• Drought events that last for several years. The risk of a drought “event” that lasts for four consecutive years, roughly similar to the recent 2012-2015 drought in California, substantially increases for the Mediterranean under the 1.5°C and 2°C warming targets. For central Europe, this risk of consecutive years of drought is lower but also increases for a warming of 2°C relative to 1.5°C. The Amazon experiences the strongest increase of the risk of such a drought “event”, while the response for Southern Africa is similar to the Mediterranean. Southern Australia also experiences an increase in risk of consecutive drought years under both 1.5°C and 2°C scenarios relative to present day. No major changes are simulated for the U.S. Southwest and Central Plains, and Southeast Asia (14).
  • A high-end scenario of climate change. What if global warming exceeds the 2°C warming target? Simulations with a high-end (RCP 8.5) scenario of climate change show that the risk of consecutive drought years increases substantially in all regions, including the U.S. Southwest and Central Plains but except Southeast Asia. In Southeast Asia, evaporation strongly increases but this increase is balanced by a more-or-less comparable increase of precipitation. The latter is also shown in simulations for the U.S. Southwest and Central Plains under the 1.5°C and 2°C warming targets, but his balance does not hold for stronger warming, causing the U.S. Southwest and Central Plains to dry under a high-end (RCP 8.5) scenario of climate change (14).

Prolonged droughts globally

A similar study was carried out on a global scale, focused on changes in drought conditions over 12-month periods for 1.5 and 2°C global warming levels, and for 3°C global warming (20). The latter is closer to what is expected by the end of the 21st century if current emission trends are retained. This was done for a number of climate projections that, in combination, address the uncertainty in the climate projections of a large number of climate models.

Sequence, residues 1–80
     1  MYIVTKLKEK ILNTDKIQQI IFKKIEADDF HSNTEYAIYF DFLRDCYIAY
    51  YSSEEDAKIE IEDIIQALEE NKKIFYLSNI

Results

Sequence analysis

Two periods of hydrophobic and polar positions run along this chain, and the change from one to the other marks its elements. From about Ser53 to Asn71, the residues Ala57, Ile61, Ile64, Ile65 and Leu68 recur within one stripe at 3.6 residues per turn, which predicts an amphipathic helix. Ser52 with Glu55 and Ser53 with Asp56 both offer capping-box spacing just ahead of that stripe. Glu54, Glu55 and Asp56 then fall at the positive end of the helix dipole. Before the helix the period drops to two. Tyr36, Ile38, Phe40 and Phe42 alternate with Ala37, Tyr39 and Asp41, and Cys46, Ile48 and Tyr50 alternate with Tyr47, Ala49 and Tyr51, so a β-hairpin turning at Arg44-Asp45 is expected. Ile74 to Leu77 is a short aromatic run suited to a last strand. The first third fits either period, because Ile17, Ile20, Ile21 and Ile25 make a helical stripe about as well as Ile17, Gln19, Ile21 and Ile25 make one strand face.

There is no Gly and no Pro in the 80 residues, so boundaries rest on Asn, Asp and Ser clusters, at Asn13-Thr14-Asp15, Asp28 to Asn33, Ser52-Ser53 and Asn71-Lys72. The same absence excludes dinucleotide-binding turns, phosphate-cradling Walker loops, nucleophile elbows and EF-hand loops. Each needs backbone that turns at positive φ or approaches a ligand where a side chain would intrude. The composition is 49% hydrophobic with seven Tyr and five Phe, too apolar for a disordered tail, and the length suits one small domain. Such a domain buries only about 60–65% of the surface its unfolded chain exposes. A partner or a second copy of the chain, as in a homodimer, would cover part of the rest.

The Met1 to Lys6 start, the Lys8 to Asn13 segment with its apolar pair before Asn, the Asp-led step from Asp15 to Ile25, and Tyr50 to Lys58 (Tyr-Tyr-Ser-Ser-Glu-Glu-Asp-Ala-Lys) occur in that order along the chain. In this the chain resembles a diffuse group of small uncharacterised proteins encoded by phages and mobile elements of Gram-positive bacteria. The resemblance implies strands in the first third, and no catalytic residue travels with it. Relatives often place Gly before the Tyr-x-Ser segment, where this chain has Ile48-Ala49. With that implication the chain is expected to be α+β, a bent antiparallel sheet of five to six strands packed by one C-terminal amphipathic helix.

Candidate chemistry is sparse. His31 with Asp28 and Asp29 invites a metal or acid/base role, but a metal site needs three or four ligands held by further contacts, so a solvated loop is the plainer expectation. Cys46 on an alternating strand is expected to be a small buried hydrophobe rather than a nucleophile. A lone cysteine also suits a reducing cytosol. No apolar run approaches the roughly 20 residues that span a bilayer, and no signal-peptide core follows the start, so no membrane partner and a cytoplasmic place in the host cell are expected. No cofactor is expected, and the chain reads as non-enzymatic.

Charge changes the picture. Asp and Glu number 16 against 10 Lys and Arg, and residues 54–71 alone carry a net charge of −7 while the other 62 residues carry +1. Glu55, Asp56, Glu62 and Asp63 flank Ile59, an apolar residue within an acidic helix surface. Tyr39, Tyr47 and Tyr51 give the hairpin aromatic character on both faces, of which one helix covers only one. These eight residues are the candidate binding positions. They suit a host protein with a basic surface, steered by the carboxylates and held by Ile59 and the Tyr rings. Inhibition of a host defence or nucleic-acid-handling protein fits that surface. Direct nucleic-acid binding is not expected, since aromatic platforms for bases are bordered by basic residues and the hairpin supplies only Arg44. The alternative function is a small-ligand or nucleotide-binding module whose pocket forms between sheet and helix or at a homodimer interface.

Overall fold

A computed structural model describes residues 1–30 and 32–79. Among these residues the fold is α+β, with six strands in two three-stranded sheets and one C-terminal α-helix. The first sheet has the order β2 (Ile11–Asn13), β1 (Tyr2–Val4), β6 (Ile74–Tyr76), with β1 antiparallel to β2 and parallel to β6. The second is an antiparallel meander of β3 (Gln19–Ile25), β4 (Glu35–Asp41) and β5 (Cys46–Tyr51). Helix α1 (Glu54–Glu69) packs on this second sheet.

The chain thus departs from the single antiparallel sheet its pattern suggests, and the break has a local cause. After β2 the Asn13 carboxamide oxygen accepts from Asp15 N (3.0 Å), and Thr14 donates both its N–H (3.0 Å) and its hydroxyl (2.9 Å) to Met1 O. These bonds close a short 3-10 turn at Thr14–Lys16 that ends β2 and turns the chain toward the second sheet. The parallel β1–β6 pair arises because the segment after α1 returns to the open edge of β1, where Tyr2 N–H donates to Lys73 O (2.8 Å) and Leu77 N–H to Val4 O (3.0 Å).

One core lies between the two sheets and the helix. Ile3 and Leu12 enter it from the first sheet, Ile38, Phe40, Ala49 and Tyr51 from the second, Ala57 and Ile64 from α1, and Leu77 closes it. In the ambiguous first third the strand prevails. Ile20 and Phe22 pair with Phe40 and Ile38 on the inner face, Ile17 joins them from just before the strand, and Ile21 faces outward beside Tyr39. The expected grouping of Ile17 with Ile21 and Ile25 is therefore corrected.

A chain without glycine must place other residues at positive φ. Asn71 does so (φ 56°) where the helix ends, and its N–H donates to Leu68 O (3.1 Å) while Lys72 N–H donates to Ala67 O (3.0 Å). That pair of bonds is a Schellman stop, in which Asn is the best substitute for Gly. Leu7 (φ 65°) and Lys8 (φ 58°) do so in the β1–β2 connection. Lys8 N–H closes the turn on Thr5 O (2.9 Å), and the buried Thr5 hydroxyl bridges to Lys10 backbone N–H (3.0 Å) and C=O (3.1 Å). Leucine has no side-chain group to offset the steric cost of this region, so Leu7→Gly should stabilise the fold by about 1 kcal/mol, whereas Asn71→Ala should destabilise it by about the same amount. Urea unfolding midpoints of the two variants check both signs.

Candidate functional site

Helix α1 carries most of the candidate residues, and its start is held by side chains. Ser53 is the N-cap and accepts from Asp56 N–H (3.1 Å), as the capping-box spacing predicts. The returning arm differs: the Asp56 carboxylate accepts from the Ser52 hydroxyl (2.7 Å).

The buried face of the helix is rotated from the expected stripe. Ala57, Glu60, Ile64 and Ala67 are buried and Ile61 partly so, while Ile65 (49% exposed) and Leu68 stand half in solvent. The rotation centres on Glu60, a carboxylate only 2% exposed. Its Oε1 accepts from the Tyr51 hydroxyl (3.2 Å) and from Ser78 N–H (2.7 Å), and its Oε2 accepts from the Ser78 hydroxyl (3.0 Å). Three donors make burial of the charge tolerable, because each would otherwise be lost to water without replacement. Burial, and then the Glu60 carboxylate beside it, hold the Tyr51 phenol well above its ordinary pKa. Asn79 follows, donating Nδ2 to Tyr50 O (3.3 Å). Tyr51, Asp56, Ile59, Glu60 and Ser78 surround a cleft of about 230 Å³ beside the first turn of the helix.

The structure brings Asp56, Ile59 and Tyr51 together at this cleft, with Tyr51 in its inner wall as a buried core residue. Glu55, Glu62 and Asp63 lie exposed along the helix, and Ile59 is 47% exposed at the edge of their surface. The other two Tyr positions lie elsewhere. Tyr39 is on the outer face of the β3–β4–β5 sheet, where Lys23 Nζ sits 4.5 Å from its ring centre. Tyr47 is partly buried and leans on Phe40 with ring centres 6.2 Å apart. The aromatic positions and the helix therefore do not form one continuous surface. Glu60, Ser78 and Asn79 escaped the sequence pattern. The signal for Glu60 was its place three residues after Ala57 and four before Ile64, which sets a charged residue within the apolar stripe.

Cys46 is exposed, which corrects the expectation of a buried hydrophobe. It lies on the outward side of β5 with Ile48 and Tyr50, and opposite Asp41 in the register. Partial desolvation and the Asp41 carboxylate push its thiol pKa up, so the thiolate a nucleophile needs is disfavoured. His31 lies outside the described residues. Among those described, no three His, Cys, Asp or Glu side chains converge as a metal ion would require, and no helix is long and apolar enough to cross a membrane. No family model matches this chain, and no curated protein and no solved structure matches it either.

This study shows that as a result of 1.5 to 2°C global warming, long-term droughts will happen 5 to 10 times more frequent for most of Africa, aside the zone around the equator, but also the Caribbean, Central America, Central and West Asia, Oceania, and north-west China. They will also occur far more frequent in southern Europe, large parts of western and eastern Europe, southern and central United States, Chile, and central and eastern regions of Brazil. Current 1-in-100-year droughts would occur every two to five years. At these warming levels, the magnitude of droughts is likely to double in 30% of the global landmass (20). 

Approximately two thirds of the world population will experience progressively longer and more frequent droughts. The study indicates that global mean drought length progressively increases with warming. Global warming has already reached almost 1°C. A further increase up to 1.5°C will increase the length of these droughts by a month. The increase of global mean drought length rapidly accelerates when global warming further increases up to 3°C of global warming: up to 4.2 months for each °C warming. This acceleration in drought duration could lead to more frequent mega-droughts (a decade-scale drought) like we haven’t observed often in the past. Examples of these mega-droughts are the dust bowl in the United States, the persistent drought in the Sahel, or the recent “Millennium Drought” in southeast Australia (20).

There are, however, also regions in the world that will not suffer from increasing drought. In parts of the globe the supply of water outweighs continental drying and the water balance will not progressively decline. These regions include northern Europe, the south-eastern part of South America, Central Africa, Canada, the Russian Federation, and China (except the north-west) (20).

Drought risk will increase this century, despite future emission reductions. In general, there is a greater propensity to severe droughts in the Mediterranean ecosystems by the end of the century, which may be especially pertinent when specific impacts on human activities are taken into consideration, such as livestock farming, agricultural yields and household subsistence (22).